The Supreme Court refused Monday to block a new election map for Pennsylvania that gives Democrats a chance to win four or more congressional seats in November. The justices turned down a second and final appeal from Pennsylvania’s Republican leaders, who defended the gerrymandered districts that had given them a steady 13-5 advantage over the Democrats for years. The new map gives Democrats a good chance to win half of the 18 House seats. Last week, they celebrated picking up a Republican seat when Conor Lamb claimed victory in a special election for a seat in southwestern Pennsylvania. Republicans have not conceded that race as final provisional ballots are counted. Lamb and all other candidates will run this fall in districts that have been redrawn.
The Supreme Court acted Monday afternoon shortly after a panel of three federal judges in Harrisburg, Pa., refused to block the new election map drawn at the behest of the Pennsylvania Supreme Court. In late January, the state justices ruled the gerrymandered map drawn in 2011 was unduly partisan and denied voters their right to a free and equal election. They chose Stanford Law professor Nate Persily to draw a new election map with districts that were more compact.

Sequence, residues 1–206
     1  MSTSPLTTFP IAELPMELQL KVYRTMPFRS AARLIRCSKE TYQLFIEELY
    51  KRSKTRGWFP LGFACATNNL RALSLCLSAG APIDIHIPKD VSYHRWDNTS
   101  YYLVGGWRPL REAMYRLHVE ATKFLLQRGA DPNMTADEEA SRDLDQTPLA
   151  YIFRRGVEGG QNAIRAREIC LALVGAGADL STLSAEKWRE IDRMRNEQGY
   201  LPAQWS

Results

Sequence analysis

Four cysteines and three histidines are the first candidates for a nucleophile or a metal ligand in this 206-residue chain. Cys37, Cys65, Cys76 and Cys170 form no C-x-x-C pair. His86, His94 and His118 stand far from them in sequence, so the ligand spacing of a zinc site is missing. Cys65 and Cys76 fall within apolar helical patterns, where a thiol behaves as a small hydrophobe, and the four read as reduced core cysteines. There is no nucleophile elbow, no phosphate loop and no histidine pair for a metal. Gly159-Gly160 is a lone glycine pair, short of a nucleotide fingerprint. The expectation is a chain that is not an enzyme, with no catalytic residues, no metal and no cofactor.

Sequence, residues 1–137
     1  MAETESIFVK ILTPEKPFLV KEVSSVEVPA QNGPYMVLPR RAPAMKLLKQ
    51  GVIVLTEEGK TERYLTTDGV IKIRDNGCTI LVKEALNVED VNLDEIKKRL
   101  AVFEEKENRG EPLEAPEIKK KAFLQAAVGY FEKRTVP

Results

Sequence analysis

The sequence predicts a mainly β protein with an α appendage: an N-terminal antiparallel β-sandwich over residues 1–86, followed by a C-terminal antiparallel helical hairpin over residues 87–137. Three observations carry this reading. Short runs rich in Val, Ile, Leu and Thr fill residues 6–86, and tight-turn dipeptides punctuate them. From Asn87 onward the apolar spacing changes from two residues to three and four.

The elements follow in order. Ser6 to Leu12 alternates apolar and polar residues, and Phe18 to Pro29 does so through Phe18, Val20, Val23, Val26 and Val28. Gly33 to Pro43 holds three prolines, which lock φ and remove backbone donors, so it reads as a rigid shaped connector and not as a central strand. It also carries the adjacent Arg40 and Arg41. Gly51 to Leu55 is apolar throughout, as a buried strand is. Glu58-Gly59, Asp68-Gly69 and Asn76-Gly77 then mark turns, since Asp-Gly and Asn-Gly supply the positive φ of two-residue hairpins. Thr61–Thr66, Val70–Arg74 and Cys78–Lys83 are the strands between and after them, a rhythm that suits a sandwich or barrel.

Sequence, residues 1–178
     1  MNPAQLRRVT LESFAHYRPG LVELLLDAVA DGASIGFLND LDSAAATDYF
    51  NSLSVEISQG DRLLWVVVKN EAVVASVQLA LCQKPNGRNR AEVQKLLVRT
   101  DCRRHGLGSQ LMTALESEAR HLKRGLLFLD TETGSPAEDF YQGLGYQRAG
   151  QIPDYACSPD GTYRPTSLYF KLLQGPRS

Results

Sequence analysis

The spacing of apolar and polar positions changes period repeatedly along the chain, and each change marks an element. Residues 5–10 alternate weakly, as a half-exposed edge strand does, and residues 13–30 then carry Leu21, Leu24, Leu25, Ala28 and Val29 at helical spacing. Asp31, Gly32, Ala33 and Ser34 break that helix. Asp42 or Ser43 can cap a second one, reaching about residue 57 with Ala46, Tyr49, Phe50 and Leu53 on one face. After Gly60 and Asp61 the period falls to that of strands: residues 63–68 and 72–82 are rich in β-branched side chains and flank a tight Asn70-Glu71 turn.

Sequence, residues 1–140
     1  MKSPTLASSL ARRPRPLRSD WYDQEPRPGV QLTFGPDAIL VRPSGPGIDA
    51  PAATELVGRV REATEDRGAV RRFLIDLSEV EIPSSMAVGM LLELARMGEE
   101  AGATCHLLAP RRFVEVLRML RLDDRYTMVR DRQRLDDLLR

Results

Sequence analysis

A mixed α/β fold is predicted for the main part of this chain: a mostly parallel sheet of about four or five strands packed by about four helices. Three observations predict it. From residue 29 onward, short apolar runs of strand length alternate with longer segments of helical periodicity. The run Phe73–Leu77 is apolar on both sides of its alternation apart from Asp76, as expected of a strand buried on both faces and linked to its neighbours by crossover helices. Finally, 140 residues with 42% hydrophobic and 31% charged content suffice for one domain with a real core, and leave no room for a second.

Having lost in the state courts, Republican leaders of the state legislature tried two last-minute appeals in the federal courts. They sued in Harrisburg, arguing the state judges had overstepped their power. But the three judges — all Republican appointees — decided the state legislators did not speak for the legislature as a whole and did not have standing to sue.